Productive SAP systems process thousands of tasks each second and create a corresponding number of statistics records, which contain valuable measurements for identifying performance issues. While existing tools provide access to the data in these records, transaction STATS offers an enhanced user interface that makes it much easier for you to select, display, and evaluate the data in statistics records, and devise a targeted plan for optimization.

Ensuring the Validity of Your Measurements

The value of a performance analysis depends on the quality of the underlying measurements. While the collection of data into the statistics records is performed autonomously by the SAP kernel, some preparatory actions are needed to ensure that the captured information accurately reflects the performance of the application.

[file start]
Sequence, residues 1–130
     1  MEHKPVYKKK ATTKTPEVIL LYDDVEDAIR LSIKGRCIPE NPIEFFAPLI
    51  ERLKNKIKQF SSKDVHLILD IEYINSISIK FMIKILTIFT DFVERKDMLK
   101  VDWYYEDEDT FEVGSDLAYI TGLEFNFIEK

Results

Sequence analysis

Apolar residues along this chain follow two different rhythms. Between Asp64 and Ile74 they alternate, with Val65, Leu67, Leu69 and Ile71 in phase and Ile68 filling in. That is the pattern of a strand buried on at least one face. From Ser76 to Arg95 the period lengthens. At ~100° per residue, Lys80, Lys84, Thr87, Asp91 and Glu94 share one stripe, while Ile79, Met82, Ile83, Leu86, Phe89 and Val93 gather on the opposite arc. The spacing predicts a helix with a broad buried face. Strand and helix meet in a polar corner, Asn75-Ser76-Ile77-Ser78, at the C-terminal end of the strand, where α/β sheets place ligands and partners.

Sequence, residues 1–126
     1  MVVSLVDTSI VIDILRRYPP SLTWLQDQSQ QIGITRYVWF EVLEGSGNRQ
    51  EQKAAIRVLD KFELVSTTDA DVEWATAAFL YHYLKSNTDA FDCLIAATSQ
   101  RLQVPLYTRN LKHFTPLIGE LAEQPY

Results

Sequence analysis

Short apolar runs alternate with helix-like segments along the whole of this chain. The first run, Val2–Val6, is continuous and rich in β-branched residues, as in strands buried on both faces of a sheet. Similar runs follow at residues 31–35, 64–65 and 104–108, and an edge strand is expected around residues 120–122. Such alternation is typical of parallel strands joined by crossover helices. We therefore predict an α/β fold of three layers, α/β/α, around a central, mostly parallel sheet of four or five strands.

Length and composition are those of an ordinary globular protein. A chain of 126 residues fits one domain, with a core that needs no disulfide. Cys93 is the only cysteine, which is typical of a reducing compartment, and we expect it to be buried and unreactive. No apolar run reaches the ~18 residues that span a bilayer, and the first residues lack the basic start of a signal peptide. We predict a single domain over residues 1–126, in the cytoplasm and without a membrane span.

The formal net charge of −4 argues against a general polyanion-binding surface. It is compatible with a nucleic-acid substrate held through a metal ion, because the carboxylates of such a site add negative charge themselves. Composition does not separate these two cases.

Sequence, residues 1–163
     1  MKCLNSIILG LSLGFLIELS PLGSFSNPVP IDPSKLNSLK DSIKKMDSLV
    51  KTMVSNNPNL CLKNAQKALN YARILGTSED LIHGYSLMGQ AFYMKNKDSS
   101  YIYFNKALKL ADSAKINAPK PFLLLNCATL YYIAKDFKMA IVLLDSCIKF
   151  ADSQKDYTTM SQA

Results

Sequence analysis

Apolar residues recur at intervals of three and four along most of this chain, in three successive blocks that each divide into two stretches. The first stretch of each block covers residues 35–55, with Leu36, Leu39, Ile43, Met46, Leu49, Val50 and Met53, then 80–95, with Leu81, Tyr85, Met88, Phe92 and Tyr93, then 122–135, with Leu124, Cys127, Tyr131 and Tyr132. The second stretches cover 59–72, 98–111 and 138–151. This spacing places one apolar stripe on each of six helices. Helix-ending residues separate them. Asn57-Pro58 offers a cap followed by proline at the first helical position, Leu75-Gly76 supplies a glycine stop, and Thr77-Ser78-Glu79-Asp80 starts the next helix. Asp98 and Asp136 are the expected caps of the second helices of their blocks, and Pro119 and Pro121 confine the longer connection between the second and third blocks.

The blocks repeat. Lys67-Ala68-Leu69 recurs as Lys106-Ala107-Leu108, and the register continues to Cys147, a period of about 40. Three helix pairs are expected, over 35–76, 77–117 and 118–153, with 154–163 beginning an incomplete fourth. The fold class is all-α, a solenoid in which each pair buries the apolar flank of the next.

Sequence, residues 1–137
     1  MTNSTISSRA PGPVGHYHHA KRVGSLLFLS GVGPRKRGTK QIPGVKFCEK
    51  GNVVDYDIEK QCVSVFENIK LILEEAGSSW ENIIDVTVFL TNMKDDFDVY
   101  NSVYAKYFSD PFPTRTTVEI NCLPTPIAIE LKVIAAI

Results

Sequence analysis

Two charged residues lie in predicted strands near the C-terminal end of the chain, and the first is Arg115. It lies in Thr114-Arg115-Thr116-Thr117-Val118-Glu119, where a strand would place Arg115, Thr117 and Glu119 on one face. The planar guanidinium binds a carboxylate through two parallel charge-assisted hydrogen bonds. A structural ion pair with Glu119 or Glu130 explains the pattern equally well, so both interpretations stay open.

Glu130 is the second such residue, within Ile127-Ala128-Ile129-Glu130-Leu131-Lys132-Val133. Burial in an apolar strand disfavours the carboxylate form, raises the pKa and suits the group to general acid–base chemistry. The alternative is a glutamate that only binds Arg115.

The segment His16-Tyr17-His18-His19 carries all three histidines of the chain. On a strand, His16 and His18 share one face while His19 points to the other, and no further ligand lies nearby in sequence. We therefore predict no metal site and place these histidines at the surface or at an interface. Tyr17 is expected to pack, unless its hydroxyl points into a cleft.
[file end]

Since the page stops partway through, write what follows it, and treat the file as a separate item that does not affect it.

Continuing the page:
The test scenario to be executed by the application must be set up carefully; otherwise, the scenario will not adequately represent the application’s behavior in production and will not yield the insights you need to identify the application’s performance problems. A set of test data that is representative of your productive data must be available to execute the scenario in a way that resembles everyday use. The test system you will use for the measurements must be configured and customized correctly — for example, the hardware sizing must be sufficient and the software parameterization must be appropriate, so that the system can handle the load. To obtain reliable data, you must also ensure that the test system is not under high load from concurrently running processes — for example, users should coordinate their test activities to make sure there are no negative interferences during the test run.